Kristine Coleman, a 41-year-old mother and employee of Allied Services, was admitted to Geisinger Community Medical Center (GCMC) with serious pain in her left arm and shoulder. The staff ordered cardiac testing, including a cardiac catheterization to check for blocked arteries.
Dr. Chua Fe Huang abruptly canceled the catheterization for reasons unknown, which was never conducted, although this test is critical because it is the only way to determine if Coleman had a myocardial infarction (heart attack). She was discharged from the hospital and went home; however, returned shortly thereafter by ambulance with a shortness of breath.
Dr. Paul Dubiel was the physician that saw her in the emergency room and determined that her diagnosis was pneumonia. Hours later, she fell into cardiac arrest and died. An autopsy was later conducted showing that Coleman had a heart attack that was not diagnosed.
Thomas Coleman filed a medical malpractice suit accusing GCMC and the two doctors of a failure in diagnosis. The matter was brought in Lackawanna County Court. After negotiation, Judge James Gibbons announced that a settlement had been reached between the parties for $3.5 million. The insurance providers for the defendants will pay $2 million, with Pennsylvania's Medical Care Availability and Reduction of Error Fund (Mcare) paying the $1.5 million balance.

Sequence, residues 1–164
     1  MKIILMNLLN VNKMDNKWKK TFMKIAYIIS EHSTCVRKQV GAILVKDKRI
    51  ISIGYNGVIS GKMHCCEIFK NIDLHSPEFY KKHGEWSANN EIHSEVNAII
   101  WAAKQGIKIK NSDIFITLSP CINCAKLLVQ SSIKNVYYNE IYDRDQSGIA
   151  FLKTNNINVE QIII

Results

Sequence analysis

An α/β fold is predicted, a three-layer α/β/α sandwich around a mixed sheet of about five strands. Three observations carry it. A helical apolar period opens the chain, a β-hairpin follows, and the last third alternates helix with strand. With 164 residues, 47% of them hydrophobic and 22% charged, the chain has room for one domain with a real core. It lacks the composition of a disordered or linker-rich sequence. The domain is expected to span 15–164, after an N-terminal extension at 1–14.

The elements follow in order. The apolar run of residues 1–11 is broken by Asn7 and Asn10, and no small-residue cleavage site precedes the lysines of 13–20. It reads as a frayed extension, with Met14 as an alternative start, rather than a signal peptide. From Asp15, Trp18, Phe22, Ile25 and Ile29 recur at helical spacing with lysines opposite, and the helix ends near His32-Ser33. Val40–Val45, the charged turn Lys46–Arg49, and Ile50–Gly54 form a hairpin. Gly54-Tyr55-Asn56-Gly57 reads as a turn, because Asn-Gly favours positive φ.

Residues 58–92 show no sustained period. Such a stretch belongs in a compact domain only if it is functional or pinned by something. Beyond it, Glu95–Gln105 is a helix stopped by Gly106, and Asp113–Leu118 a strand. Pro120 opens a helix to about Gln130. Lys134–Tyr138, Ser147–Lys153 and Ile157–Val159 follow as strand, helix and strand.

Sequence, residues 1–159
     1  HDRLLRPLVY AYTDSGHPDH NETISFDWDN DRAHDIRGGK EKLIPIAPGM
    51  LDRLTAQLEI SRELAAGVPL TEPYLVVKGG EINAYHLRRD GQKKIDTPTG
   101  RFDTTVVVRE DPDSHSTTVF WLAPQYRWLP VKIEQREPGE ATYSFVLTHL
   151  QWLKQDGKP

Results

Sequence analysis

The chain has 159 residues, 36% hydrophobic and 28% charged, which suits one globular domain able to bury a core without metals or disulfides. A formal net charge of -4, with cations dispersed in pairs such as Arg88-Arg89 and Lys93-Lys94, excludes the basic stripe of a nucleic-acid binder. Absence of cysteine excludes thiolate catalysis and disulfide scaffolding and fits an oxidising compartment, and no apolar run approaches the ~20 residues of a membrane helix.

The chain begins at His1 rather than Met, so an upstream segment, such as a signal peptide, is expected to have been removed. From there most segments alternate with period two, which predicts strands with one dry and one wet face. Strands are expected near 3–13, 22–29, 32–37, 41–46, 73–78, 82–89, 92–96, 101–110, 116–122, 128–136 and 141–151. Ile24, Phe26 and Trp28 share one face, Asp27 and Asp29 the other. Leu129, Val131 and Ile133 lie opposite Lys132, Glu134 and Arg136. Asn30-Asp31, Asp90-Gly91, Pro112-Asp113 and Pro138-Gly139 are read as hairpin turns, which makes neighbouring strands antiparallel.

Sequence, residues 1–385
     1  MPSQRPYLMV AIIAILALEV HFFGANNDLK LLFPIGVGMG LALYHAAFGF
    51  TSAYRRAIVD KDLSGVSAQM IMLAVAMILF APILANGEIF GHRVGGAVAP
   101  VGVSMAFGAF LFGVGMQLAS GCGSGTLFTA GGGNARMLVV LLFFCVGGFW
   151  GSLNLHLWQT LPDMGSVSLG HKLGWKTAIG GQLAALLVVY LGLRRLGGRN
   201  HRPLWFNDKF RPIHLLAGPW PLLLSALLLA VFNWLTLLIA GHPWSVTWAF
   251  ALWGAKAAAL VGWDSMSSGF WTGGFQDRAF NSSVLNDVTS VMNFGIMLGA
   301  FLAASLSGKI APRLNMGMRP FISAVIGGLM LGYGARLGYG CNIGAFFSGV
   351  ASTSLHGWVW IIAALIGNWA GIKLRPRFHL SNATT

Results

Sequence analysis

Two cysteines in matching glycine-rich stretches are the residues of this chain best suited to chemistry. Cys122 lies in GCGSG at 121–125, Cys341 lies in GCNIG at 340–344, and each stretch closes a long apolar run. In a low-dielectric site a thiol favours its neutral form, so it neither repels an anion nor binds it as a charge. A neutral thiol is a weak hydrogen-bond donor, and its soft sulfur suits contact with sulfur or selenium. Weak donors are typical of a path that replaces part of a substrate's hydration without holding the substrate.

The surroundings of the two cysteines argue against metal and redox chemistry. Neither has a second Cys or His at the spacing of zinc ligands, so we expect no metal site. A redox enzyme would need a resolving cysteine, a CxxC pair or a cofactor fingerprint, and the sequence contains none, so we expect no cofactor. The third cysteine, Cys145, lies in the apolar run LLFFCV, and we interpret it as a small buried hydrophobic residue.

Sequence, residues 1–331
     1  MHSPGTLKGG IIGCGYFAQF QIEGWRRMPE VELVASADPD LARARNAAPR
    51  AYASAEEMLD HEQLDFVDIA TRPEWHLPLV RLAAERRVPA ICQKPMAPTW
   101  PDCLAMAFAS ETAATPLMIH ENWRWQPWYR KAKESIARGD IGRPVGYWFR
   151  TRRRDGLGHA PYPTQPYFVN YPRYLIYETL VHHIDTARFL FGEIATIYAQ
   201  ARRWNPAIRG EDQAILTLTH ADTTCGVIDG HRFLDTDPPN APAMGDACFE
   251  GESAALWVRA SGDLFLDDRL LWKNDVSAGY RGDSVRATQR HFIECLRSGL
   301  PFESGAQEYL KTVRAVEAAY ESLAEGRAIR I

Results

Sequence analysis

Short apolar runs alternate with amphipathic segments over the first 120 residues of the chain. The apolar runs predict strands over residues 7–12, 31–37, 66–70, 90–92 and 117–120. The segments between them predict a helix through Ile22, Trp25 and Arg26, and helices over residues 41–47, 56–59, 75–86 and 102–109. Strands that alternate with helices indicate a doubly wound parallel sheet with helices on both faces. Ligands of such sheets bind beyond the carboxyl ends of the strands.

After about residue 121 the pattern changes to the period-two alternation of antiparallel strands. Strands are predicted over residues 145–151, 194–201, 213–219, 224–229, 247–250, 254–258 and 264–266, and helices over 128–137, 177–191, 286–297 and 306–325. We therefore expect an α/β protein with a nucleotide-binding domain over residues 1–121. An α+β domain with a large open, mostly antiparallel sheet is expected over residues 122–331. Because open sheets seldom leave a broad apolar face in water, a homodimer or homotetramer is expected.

The law firm that represented the Coleman's will receive $1.4 million in legal fees and roughly $187,000 in additional expenditures. A total of $1.91 million will go to the estate and be split between the husband and the children. The children's funds went into a trust account for them, also approved by Judge Gibbons.
Pennsylvania established Mcare as a specific fund within the State Treasury Department. These funds are used to cover claims for awards in cases of malpractice that surpass the healthcare provider's malpractice insurance limit. The goal is to be sure that reasonable financial compensation is available for the injured victims across the state. According to the state's 2016 report, Mcare is continuing to provide this coverage and paid out $174 million that year. In addition, Mcare assisted insurance providers, those who are self-insured and others with education, support and guidance in developing their operations and staying current in the state medical malpractice landscape.
Mcare recognizes that litigation associated with medical malpractice is complex and costly. The organization has advanced their efforts to increasingly use alternative dispute resolution strategies to seek solutions. Further, they have applied mediation and arbitration much more to avoid lengthy trials. Mcare routinely functions as an unbiased intermediary that seeks to lower costs and unpredictability, while still finding mutually beneficial agreements.